By Ogden Newspapers
In April, Ogden Newspapers reached out to a plethora of businesses around the country to hear their stories about how they were coping with the onset of the COVID-19 pandemic. Some expressed concern over if their business could survive without knowing what the future held, while others noted frustration with their inability to receive federal aid.
As we approach the fourth month of the outbreak, we checked in with the businesses to see how they weathered the storm. We also asked about what it was like to shut down, open again, and then, in some cases, be forced to shut down again due to the continuation of the first wave of the virus, and state leaders re-implementing stay-at-home orders.
Some businesses have found sustained success, while others continue to struggle to adapt to a business model in such uncertain times. As you’ll see in West Virginia and Ohio, small businesses continue to be some the hardest hit entities across the nation as a result of the COVID-19 pandemic.
Prior to the COVID-19 pandemic, Westbrook Health Services in Parkersburg saw an average of 1,300 clients a week at its eight facilities in and around Parkersburg, W.Va. With many activities curtailed in an effort to stop the spread of the novel coronavirus, that number dropped to an average of 300 in April.
As West Virginia has reopened, the number is climbing again for the provider of psychiatric care, therapy, substance abuse treatment and assistance for people with intellectual and developmental disabilities across seven counties.
“We really encourage clients to receive their services at their house, but if they feel like they need to be here, then we can accommodate that as well,” Westbrook President and CEO Kevin Trippett said. “I think some of our clients are starting to miss the personal contact.”
The door count for the week of July 13-17 was about 800, he said.
While some employees are still working from home, others have come back to their offices.
“Employees have returned to work – we’re keeping our social distance at the office, and we’re wearing our face masks,” Trippett said.
Westbrook lost some employees due to attrition in recent months, he said, but their workforce wasn’t reduced because of the pandemic.
“We’re actually having a difficult time recruiting employees right now,” Trippett said, noting they have about 70 vacancies.
Many of those are in direct care positions for individuals in group home settings. Trippett said that area could be related to the enhanced unemployment benefits some people are receiving, “but we are trying to recruit therapists, case managers, even secretarial” positions as well.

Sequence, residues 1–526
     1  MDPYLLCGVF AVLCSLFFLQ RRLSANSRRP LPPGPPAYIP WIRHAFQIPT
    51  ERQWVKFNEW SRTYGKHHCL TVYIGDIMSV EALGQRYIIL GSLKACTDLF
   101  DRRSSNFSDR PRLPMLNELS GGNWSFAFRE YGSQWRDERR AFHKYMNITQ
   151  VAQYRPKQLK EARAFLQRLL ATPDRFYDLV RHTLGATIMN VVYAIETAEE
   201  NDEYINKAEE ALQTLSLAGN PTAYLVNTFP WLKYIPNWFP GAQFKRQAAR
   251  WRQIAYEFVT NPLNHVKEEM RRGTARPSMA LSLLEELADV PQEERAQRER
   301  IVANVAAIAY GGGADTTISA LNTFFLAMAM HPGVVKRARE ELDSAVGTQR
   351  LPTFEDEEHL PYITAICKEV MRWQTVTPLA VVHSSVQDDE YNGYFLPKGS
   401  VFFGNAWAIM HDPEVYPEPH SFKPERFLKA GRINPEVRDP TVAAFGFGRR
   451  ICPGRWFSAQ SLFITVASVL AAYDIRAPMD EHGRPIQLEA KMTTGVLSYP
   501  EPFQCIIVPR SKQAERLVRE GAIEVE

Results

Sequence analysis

Another challenge in recent months has been obtaining personal protective equipment, said Claire Berlin, public relations and marketing coordinator for Westbrook.
“Staff have been working hard to secure PPE from our normal vendors, sourcing new verified vendors to use and relying heavily on donations from other organizations,” she said. “Due to our limited supply, we are encouraging staff to wear cloth masks when they can and reserve disposable masks for clients or visitors as needed.”
Sew the Curve Flat, a network of volunteers connecting mask-makers to organizations in need, provided 200 handmade cloth masks in June. Earlier this month, the volunteer group West Virginia Mask Army donated 500 filtered face masks and the United Way Alliance of the Mid-Ohio Valley contributed 600 non-surgical disposable masks and 15 refillable bottles of hand sanitizer.
Meanwhile, Jennifer and Major Clark were worried about their small business in April, when states were shutting down.
The Charles Town couple run the company Elopers, which provides elopement and wedding services to couples in their state as well as Maryland, Virginia and Washington D.C. The COVID-19 pandemic shut down everything in peak wedding season, including the courts, making it impossible for couples to even get a marriage license.
In the last four months, however, the couple has been able to “make things work.” As couples have had to cancel large wedding plans, the Clarks started marketing smaller-scale wedding services.
“We’re doing a lot of things outside in parks with just the bride and groom,” Jennifer Clark said. “Of course, we’re having to wear masks, but we’re making it work.”
She said that while some couples are waiting on the big wedding ceremony for next year, they’re still coming to their company for a legal ceremony this year.
“We’re having a lot of success with that,” Jennifer said.
The story is similar in Warren, Ohio.
After months of quarantining, people are still in love, jewelry store owner Thom Duma confirmed Tuesday. Duma had to close his store, Thom Duma Fine Jewelers, in late March, but since reopening in mid-May, Duma said traffic has really picked up.
Anniversaries, engagements and birthdays are some of the celebrations from which Duma said he is making the most of his sales. He noted that because the travel industry is taking a hit, people are turning to jewelry instead spending their money.